Thursday, July 22, 2010

Military Mom, Part One

NOTE:  This is the first in a series of sporadic posts about this military thing happening in our family.  How many Military Mom posts will there be?  No clue.  But more than one.

Perhaps I shouldn't have decorated my den in Americana red, white, and blue.  Perhaps I should have hidden my tears when the Star Spangled Banner was played.  Perhaps I never should have watched any war movies with my boys. All of these things have led to numerous conversations about how this nation came to be free, and how it continues to be free.  Somewhere along the way, my older two boys came to their own conclusions that they wanted to have a part in protecting that freedom.  So now while other moms are shopping for dorm refrigerators and cute rugs, I'm saving Pringle's cans (for sending cookies overseas) and buying Bibles with camo covers.

As Americans, these are the kind of people you want defending and protecting your country.  They believe in freedom, they believe freedom has a price, and they are willing to pay it.  They believe in it so much that you don't have to agree with them or like them, and they will defend your right to voice that.  That is a level of belief with which few of us are familiar. 

As a mom, I don't want my boys to be in harm's way.  I don't want them to see things that will haunt them for the rest of their lives.  I don't want them to be ordered around by people who don't love them as much as I do.  And I really don't want them to miss out on life--marrying, having children, being uncles, worrying about mortgages, finding good schools, staying up late to make sure the kids get home safely, etc.  I want my boys to be happy.  I want them to be healthy.  I want them to live very long lives.  Preferrably near their mom.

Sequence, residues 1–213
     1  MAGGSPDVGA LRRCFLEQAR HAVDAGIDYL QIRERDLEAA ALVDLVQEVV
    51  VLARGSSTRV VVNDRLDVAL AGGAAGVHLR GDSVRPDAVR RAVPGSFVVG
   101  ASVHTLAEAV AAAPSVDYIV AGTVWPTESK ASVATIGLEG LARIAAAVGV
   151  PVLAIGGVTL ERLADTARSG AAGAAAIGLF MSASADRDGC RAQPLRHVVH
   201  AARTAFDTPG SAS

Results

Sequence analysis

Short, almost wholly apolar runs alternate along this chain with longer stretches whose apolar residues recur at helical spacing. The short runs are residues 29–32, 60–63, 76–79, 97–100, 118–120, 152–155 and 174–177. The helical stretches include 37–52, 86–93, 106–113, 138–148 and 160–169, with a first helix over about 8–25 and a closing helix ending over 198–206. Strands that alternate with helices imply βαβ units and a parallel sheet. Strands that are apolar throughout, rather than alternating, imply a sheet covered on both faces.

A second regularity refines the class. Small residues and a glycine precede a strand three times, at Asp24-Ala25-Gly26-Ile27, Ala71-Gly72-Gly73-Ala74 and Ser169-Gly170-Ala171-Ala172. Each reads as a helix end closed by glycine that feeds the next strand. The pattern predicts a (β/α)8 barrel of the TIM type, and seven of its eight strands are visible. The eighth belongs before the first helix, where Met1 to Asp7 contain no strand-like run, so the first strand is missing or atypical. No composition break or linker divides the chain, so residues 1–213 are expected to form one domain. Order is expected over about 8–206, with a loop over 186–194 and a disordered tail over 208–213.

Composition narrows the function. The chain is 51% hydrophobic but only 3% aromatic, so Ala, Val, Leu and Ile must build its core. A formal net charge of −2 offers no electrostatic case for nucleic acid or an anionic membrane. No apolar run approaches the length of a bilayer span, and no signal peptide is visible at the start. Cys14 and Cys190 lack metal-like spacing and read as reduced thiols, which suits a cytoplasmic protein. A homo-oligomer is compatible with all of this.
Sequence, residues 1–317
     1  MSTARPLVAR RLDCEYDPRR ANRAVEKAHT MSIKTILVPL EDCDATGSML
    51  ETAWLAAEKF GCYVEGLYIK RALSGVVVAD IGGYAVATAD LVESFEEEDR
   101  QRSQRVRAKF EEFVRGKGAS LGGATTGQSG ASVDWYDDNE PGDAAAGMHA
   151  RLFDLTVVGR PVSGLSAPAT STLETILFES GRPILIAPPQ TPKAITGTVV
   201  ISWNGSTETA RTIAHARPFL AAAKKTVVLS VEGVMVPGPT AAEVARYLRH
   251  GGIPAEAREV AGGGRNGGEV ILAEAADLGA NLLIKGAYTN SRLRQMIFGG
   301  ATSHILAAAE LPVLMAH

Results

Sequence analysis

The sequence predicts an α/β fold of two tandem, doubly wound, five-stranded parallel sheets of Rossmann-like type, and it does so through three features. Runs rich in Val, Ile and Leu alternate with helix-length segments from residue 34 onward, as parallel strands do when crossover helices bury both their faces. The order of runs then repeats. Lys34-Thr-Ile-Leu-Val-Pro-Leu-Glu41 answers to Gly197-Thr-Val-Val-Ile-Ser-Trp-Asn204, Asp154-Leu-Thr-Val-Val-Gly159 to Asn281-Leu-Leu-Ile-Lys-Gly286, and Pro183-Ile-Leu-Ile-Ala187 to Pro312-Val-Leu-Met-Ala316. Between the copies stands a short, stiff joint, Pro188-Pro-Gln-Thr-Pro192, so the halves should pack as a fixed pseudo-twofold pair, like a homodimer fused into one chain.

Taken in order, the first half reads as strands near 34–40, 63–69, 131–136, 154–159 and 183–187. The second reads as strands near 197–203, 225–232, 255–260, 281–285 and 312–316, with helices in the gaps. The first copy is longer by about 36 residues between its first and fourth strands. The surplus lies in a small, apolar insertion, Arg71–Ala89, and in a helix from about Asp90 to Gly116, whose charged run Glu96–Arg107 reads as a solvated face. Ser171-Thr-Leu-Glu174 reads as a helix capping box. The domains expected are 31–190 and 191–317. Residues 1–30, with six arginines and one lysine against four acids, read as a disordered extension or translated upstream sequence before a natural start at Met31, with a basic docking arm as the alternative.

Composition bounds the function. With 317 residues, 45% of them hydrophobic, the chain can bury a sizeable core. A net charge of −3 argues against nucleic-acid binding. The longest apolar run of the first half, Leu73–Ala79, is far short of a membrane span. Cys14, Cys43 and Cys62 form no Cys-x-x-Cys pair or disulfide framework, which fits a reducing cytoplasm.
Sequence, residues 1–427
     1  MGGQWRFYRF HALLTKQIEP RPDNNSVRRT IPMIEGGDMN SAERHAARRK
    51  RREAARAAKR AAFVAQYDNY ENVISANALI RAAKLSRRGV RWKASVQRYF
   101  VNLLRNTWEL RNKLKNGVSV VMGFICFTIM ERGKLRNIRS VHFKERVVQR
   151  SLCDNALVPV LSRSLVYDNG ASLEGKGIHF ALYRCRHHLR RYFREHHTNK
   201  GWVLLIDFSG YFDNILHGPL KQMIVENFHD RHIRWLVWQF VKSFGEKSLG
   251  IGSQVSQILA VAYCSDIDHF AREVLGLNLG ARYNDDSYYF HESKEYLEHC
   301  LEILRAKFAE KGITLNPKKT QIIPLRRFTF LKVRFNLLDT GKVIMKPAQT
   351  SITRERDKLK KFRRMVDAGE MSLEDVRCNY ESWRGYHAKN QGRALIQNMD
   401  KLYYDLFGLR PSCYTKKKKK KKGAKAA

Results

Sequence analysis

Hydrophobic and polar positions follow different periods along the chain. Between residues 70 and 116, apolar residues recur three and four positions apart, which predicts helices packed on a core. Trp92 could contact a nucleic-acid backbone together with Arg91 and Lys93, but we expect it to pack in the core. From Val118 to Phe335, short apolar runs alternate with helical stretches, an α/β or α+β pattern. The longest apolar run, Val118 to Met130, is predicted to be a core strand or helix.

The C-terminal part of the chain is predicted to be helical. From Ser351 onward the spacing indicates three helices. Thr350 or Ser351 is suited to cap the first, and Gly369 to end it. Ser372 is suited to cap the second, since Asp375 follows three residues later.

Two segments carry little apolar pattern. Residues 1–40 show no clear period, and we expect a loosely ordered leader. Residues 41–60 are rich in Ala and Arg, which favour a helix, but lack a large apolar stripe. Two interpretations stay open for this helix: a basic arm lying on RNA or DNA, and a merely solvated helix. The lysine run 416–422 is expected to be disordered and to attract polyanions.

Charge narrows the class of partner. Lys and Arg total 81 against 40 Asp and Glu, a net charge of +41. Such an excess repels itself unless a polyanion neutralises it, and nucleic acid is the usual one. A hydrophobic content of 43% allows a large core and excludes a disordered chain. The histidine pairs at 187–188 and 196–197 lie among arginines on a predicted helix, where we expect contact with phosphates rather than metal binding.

My older two boys have decided to be in the military.  Spencer has been in the Army Reserves for two years, and Tanner will be leaving next summer for Marine boot camp. (We have extracted a promise from our youngest, Calder, that he will go to college and party like a normal kid.)  We've learned new lingo, mapped out trips to graduations and celebrations, joined support groups, met recruiters, had conversations with current and former military personnel and their families, packed foot lockers, washed uniforms, and planned ways to make the most of the next several months while we still have everyone close to home.

There have been many late nights, when everyone is asleep and the only sounds are the deep breathing of boys and dogs and the hum of the diswasher set to run in that short window between the last shower of the night and the first shower of the morning, when I think about what these boys are doing.  And I could not be more proud.  I am a military mom.